The first blows were laid in Sydney yesterday as a number of V8 Supercars drivers 'took it outside' the cars and tried their hands at Box'Tag.
Championship contenders, Ford and Holden rivals Mark Winterbottom and James Courtney slogged it out first, representing blue and red in the ring as Chaz Mostert, Scott McLaughlin and Lee Holdsworth watched on.
With mouth guards in and head protection on, they may have been tentative when the first round began - but once the punches started flying, the competitive nature of the drivers quickly kicked in and the contest intensified.
A form of boxing designed for fitness and fun, Box'Tag only accepts light contact and nothing head high. Both competitors wear a specially developed vest that covers the torso and shoulders, and senses a punch, which scores a point. Each contest is over three one to two minute rounds.
Courtney fired first and jumped into the lead with a succession of scoring shots.
Winterbottom found his form after the first round but it was too late to catch his Holden Racing Team foe, who had his game face on and glared back at the Ford Pepsi Max Crew driver.
An emphatic win in the red corner saw the Holden man - who sits fourth in the Championship points standings - lead Winterbottom 81 to 36.
That winning streak is something he'd like to continue this weekend at the Sydney Motorsport Park 400, after winning the last Championship race at Queensland Raceway.
"It's good, one up!" Courtney said.
"It was good fun - a good little 'Westie' battle between the boys from Sydney's west, and it's good to be up with the first win of the weekend against my old mate Mark. It was tempting to drop one on his chin, that's for sure!" Courtney laughed.
Winterbottom, however, was not phased at losing the battle, as long as he can win the war this weekend - and come December.
"It's good fun to come here and do this, have a bit of a play, but it'd be good to get the result on track, that's the priority," Winterbottom told v8supercars.com.au.
"It would've been nice to explode a bit there and give him a couple, but you have to be quite reserved with what you do - it's probably the same as on the track."
After losing the points lead to Jamie Whincup after the last event, 'Frosty' said he wasn't worried about Courtney sneaking up on him in the title fight, though the last race winner is in fourth and just 177 points behind Frosty.
"Courtney won the last race, but he didn't win the round - people are forgetting that Lowndes scored the most points at Willowbank.
"Courtney on Saturday, we had him measured comfortably, and on Sunday he went good.
"He probably thinks he's going to win it, but everyone in the top six can win it.
"I'm not focused on him - they're inconsistent, when they get it right they're very quick. But Triple Eight and Lowndes proved they are still going to be very good."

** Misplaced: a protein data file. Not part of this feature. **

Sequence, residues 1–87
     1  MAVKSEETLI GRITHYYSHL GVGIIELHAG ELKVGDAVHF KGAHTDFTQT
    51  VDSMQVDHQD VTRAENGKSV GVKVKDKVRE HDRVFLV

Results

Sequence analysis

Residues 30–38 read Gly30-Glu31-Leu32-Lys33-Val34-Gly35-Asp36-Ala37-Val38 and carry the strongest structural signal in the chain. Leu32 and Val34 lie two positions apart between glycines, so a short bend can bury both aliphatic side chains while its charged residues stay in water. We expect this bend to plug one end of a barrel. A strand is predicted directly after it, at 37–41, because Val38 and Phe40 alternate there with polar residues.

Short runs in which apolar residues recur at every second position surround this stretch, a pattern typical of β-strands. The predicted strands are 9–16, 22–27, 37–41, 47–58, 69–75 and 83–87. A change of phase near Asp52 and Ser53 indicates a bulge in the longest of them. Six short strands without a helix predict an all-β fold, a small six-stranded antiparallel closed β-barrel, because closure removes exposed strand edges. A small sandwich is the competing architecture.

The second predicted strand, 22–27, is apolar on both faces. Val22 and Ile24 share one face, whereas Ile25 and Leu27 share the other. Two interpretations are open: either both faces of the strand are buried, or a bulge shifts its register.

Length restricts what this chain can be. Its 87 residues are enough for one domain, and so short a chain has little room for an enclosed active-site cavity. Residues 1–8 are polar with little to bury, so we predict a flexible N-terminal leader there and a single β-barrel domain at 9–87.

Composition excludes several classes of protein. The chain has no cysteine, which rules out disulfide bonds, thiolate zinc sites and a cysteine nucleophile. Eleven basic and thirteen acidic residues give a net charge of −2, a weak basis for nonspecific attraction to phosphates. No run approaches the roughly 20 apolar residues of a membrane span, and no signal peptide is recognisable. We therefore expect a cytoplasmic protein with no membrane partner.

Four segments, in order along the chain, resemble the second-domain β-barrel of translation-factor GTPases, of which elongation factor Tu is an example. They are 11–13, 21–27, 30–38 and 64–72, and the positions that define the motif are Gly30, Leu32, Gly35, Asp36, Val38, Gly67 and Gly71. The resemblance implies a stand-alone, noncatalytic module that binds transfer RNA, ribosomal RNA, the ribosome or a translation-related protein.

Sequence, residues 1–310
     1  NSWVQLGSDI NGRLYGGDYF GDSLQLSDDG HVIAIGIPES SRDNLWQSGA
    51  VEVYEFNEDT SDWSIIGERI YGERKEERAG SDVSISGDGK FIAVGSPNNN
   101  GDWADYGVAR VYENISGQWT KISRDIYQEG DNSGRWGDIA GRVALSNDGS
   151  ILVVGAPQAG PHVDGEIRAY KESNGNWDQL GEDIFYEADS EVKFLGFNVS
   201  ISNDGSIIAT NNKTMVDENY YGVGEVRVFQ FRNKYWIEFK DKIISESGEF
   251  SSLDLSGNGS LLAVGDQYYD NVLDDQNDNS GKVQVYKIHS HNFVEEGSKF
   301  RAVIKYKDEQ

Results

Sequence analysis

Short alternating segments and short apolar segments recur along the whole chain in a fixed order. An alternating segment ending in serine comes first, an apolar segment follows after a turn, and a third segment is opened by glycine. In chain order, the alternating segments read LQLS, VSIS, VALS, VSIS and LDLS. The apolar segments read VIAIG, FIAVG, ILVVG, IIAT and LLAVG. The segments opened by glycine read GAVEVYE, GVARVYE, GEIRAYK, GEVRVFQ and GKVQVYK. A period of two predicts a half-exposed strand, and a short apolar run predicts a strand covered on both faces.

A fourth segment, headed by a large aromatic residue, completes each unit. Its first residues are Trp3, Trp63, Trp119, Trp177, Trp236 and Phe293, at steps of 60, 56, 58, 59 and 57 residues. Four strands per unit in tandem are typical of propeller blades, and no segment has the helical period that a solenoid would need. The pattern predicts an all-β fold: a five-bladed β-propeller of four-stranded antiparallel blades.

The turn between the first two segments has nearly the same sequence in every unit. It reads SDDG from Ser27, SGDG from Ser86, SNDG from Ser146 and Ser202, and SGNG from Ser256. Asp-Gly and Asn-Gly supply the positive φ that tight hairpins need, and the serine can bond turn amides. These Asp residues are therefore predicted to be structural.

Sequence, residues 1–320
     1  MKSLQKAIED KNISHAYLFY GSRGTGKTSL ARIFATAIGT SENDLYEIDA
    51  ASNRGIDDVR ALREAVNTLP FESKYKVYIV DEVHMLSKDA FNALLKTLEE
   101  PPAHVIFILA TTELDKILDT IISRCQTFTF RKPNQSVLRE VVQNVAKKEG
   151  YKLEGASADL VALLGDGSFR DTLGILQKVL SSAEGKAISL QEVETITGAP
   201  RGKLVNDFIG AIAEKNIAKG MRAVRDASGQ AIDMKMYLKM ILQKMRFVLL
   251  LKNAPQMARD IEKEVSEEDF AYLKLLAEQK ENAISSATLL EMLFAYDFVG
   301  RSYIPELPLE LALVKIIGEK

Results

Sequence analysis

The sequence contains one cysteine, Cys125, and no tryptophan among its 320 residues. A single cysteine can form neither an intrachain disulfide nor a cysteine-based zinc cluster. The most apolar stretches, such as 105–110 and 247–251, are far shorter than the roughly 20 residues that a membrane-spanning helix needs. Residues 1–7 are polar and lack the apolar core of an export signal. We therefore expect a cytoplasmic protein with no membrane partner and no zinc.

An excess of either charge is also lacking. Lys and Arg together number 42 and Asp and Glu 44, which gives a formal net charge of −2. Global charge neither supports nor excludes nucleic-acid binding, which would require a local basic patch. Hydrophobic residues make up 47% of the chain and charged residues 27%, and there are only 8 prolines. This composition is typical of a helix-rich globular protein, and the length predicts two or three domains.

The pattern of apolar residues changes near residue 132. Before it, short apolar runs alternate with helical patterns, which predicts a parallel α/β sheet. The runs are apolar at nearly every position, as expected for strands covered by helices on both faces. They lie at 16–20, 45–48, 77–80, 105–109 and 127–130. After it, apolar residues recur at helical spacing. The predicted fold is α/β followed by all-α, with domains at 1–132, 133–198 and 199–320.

Following the battle of the Championship heavyweights in the ring was the clash of the young guns, with Volvo's Scott McLaughlin and Ford's Chaz Mostert going head to head.
While the two were childhood friends they're now fully-fledged competitors on-track, and their Box'Tag encounter was intense, though McLaughlin came out on top, 122-106.
"We're saving our energy for the weekend!" Mostert said.
"I think it's something out of our comfort zone and it's so explosive, boxers throw a punch so quick - it's something us drivers aren't quite used to, we're used to draining out muscles slowly over a race. I didn't think I'd like it that much, but it's something I might look at for the future."
With Holdsworth yet to have a go and represent his Erebus team, McLaughlin paid double duty - and while he was clearly knackered from his first go, took on his good mate for the final match-up.
Their battle was the toughest of all, with a stray shot from Holdsworth landing square on McLaughlin's cheek, as his mouth guard went flying.
It was two points the difference heading into the third round but Holdsworth was victorious, 96-91.
"We all came here saying it was just a bit of fun, but we all knew once we put that helmet on it was just like in the race car, you get the red mist and go as hard as you can, you want to win always," Holdsworth said.
While acknowledging it was so very different, all drivers drew parallels between Box'Tag and racing V8 Supercars - fitness, focus and quick improvement were all key parts, as well as taking and applying advice from the 'trainer' ("like my engineer" McLaughlin said) to trump their opponent.
"It brought me back to a lot to do with racing even though we were out there fighting," McLaughlin said.
"You've got to take the hard punch - like Lee gave me a punch in the head at one stage! But you've got to get up, get on with it, put the bad ones behind you, and it was awesome fun."
See the V8 Supercars in action over six sessions tomorrow at theSydney Motorsport Park 400.